Tell me he isn't good. Paul Ryan delivered a hard-right speech angled for maximum appeal to undecided voters. The trick was to present a catalog of ideological gimmes like you were one regular guy telling another regular guy to get serious for a moment and look at things straight. Ryan managed it. “Going to level with you,” he said, and “don’t have that much time” and “know we can do this” and much more of an earnestly portentous sort. He said all that and didn't come off as a dork. He seemed like the guy with the neighborhood's best power tools, and against his will he was leveling some hard truths about your Little League coaching style.
There are many things not to believe in Ryan's speech. But a politician who can look sincere, instead of just trying to look sincere, is a politician with a future. During his address there came several moments when Ryan paused, leaned forward and was piercingly sincere, just him and the camera. None of these moments seemed funny at the time, so Ryan is a dangerous man.
The pitch behind his speech was, come on, time to man up and face the facts, this debt habit is going to kill you. But it wasn't his listeners' habits that he had in mind. Instead it was the debt habit of that other guy, Barack Obama. As it turns out, though we're all self-reliant individuals made in the image of God, we're not to blame for anything going wrong in our lives just now. Ryan: “And I hope you understand this too, if you’re feeling left out or passed by: You have not failed, your leaders have failed you.” Ryan gave his audience the pleasure of moral brow wrinkling and chin hiking without any sins to face up to. We were summoned to become morally serious about somebody else's shortcomings. That's my kind of serious, and Ryan does it better than Peggy Noonan.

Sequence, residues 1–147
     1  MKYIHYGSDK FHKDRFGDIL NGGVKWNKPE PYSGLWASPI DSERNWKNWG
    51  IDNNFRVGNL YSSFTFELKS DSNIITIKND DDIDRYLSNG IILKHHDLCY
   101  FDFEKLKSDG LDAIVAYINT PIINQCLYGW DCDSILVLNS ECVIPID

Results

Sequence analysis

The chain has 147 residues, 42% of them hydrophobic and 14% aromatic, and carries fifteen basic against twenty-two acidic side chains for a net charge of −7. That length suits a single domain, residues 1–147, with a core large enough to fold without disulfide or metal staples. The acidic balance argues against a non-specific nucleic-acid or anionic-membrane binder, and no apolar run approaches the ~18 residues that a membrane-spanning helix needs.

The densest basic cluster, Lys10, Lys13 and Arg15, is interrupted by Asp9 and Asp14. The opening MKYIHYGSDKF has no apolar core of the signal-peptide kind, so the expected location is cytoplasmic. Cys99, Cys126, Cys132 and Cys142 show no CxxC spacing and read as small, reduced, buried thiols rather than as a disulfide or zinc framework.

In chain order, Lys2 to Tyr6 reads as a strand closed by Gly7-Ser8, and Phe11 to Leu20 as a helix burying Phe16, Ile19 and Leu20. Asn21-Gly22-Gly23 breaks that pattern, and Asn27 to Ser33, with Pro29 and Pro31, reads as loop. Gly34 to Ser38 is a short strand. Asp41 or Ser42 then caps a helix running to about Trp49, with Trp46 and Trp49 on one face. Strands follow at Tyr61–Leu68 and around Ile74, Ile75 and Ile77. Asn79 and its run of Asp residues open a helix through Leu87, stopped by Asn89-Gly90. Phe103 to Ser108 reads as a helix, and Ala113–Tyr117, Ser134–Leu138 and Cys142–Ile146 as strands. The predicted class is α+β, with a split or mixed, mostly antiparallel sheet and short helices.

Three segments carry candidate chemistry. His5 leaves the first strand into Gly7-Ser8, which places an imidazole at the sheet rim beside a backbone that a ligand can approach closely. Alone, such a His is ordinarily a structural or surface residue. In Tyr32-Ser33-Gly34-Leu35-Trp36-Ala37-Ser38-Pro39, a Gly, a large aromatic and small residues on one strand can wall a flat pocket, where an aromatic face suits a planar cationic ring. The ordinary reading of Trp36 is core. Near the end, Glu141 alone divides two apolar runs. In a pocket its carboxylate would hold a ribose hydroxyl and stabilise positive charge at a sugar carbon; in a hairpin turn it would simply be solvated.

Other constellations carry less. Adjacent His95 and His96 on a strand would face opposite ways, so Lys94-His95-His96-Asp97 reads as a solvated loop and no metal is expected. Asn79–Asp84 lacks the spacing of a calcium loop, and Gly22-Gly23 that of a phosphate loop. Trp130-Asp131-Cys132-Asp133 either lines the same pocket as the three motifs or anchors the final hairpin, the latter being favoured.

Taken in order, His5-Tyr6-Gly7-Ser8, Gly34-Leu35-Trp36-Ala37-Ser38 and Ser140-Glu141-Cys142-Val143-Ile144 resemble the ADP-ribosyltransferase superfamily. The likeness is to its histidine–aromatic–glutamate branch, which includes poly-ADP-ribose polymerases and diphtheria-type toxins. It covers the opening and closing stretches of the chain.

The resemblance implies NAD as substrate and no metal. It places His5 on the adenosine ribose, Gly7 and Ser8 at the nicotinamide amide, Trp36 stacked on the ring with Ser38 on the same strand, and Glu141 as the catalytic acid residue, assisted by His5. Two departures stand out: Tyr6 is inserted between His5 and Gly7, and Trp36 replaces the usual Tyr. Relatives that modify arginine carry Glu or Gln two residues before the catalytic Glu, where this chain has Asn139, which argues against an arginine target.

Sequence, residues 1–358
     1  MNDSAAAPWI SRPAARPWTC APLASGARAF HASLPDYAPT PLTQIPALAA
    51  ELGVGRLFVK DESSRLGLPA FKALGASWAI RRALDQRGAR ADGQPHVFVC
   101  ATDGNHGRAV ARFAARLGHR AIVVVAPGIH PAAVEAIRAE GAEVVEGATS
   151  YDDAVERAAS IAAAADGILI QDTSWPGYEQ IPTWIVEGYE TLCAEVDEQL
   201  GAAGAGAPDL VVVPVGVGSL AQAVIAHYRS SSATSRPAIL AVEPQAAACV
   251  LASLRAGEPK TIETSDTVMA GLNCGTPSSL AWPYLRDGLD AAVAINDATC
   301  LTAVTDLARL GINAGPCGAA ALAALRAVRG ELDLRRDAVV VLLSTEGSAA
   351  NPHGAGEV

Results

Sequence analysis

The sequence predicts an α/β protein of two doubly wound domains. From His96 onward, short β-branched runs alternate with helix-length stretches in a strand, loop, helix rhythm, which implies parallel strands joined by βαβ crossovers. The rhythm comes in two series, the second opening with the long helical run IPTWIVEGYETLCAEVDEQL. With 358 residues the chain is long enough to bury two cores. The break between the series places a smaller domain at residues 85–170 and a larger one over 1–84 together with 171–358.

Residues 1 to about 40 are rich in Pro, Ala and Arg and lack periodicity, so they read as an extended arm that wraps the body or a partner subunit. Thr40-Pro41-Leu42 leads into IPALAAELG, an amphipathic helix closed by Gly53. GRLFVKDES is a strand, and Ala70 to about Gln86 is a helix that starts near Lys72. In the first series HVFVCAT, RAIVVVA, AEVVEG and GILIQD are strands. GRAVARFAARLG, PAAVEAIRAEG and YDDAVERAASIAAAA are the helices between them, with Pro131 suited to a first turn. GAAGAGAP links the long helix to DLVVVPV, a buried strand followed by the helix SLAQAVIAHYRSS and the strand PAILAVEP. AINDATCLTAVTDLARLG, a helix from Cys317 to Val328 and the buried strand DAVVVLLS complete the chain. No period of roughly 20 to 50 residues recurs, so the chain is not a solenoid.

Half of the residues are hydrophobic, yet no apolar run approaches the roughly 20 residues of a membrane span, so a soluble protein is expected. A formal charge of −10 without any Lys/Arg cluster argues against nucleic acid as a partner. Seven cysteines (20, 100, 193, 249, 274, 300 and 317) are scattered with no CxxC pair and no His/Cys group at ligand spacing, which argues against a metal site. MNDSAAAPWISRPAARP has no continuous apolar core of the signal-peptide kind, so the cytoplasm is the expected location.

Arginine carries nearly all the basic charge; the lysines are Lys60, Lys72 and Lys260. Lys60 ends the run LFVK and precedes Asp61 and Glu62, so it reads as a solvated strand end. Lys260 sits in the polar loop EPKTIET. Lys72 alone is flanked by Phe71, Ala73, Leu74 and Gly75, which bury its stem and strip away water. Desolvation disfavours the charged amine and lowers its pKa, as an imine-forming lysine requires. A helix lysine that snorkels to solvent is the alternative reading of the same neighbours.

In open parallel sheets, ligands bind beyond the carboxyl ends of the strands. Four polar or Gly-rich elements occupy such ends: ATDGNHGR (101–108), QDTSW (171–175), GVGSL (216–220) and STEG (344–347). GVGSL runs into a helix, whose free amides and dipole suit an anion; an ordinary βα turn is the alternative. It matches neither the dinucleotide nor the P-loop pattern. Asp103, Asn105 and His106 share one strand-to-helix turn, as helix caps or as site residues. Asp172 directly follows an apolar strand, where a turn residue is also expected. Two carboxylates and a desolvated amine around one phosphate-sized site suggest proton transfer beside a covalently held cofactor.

Facts on the cutting room floor. The factory where Obama gave a campaign speech in 2008 was closed down before he became president, not (as you might think from Ryan's speech) after he became president. The deficit-reduction plan that Obama allegedly stiffed had been voted against by Paul Ryan. The money that Obama “funneled” out of Medicare is also funneled (or cut, one might say) in Ryan's proposed plan for the U.S. budget. When Obama spent his stimulus money, employment went up. When America's credit rating was downgraded, the downgrader pointed at “Republicans in Congress” and their refusal to raise taxes.
Here's another. Ryan never firms up the connection between Obama's terrible alleged debt habit and the nation's crummy economic weather. He assumes our giant deficit is what's crushing the life from the nation's job givers. He doesn't mention the debt taken on by so many families of their own free will and now rotting in the form of unpaid mortgages. There's a giant weight, and one pressing down directly on people who might otherwise be buying products and paying kids to mow the lawn.